Euthanasia: A Denial of Sense
Medicine and Law: World Association for Medical Law 2001; 20(2): 313-328
Is active euthanasia an expression of respect for human dignity and freedom or not? Liberal utilitarians and catholic personalists differ on this question because they use different concepts of freedom and have different attitudes to whether life has a sense beyond material utility. While the former can claim that one has no duty to go on living an unpleasant and useless life against one's will, for the latter even a materially substandard life is a chance for spiritual growth not to be discarded because human suffering is meaningful too, and not a mere senseless disutility. Patient autonomy will not, for a personalist doctor, imply a duty to fulfil the patient's wish for euthanasia, because his moral duty towards his own soul overrides all other considerations. The threshold argument, commonly appealed to by personalists against legalizing euthanasia, should not be interpreted as a factual conjecture of the worst possible scenario but rather as a principal claim according to which a state which lets citizens to be reified as means for utility is thereby already entirely immoral.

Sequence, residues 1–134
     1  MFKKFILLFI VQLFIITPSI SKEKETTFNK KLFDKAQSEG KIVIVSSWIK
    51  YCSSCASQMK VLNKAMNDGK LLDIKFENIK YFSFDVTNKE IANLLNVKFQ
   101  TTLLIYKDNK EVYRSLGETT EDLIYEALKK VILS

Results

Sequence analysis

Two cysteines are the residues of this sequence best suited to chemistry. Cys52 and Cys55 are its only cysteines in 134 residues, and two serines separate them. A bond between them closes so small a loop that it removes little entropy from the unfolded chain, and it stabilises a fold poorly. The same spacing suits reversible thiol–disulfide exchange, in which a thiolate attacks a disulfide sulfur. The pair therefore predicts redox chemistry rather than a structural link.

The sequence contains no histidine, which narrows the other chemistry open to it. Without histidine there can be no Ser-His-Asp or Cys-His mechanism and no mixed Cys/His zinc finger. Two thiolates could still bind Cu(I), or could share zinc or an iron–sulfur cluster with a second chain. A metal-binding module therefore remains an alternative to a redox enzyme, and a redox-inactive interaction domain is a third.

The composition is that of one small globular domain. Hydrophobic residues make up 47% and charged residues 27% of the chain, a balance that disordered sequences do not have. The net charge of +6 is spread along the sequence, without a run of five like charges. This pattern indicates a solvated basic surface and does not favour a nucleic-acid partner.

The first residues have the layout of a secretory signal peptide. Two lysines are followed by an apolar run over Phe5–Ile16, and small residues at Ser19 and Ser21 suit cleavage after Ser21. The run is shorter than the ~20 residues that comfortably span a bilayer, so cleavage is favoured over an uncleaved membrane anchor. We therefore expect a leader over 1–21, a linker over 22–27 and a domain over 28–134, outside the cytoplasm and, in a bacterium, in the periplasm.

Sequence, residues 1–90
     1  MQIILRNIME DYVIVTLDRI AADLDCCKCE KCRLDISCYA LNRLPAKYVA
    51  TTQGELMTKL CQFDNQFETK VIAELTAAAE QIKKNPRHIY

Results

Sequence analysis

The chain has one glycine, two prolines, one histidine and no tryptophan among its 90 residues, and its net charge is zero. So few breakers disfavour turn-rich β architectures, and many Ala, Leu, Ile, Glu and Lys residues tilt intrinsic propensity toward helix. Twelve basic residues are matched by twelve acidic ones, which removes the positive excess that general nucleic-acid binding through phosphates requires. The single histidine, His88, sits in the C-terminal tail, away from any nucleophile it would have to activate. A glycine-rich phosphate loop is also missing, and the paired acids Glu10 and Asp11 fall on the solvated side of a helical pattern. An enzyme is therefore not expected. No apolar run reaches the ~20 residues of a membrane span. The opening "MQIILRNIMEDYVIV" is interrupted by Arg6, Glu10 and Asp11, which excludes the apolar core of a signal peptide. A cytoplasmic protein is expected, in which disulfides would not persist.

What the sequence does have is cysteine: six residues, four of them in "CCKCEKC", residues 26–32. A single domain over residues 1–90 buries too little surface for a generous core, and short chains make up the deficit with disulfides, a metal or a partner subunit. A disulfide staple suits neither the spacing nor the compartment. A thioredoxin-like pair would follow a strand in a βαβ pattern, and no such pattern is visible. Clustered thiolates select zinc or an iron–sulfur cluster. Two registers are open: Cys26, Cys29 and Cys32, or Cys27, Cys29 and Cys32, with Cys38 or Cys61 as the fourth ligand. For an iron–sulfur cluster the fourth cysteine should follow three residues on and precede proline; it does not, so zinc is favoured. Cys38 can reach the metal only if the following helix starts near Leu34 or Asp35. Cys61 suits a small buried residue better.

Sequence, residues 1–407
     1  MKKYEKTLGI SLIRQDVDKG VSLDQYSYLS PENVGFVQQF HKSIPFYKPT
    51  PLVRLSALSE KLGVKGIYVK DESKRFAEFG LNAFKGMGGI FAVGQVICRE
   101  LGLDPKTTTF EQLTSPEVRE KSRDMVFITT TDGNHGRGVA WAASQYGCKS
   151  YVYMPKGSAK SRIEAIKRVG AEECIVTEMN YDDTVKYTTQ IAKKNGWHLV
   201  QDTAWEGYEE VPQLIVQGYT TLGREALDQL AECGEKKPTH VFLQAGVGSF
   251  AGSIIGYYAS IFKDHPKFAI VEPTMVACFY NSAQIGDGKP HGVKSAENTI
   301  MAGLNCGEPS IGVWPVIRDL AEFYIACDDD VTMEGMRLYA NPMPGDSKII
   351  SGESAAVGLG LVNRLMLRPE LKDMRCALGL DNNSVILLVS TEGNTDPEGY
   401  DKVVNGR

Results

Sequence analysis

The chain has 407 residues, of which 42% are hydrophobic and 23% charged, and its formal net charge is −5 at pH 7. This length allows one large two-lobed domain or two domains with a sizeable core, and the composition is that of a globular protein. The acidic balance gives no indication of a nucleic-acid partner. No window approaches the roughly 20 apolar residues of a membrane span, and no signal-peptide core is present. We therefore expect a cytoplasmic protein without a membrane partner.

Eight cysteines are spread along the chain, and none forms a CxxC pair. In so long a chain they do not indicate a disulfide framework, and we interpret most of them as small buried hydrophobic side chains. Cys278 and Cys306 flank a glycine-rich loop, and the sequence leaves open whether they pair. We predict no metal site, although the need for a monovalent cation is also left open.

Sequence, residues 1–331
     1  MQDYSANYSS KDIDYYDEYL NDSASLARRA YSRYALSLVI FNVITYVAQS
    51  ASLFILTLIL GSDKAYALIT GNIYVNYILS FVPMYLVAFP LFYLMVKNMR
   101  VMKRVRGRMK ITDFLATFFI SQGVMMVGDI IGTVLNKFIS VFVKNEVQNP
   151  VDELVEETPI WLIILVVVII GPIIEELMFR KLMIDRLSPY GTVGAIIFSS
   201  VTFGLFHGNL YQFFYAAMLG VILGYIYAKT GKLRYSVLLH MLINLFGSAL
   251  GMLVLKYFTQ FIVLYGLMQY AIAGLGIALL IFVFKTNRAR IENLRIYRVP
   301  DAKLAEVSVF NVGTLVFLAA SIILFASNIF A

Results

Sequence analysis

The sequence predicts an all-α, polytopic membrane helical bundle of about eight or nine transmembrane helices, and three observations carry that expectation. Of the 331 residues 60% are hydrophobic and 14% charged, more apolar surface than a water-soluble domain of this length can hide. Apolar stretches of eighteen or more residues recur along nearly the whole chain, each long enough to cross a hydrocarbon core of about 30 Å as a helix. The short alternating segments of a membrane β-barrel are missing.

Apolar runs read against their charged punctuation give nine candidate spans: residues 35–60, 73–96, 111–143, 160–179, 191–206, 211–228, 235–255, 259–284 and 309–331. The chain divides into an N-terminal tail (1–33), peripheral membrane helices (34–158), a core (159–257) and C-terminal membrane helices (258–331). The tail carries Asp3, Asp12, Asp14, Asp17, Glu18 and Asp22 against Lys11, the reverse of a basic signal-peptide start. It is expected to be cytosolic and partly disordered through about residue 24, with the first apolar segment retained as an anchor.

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Seay, Gary (2011-06)J. L. A. Garcia holds that my defense of voluntary euthanasia in an earlier paper amounts to an "assault on traditional common sense" about what medical ethics permits physicians to do, particularly insofar as I hold that ...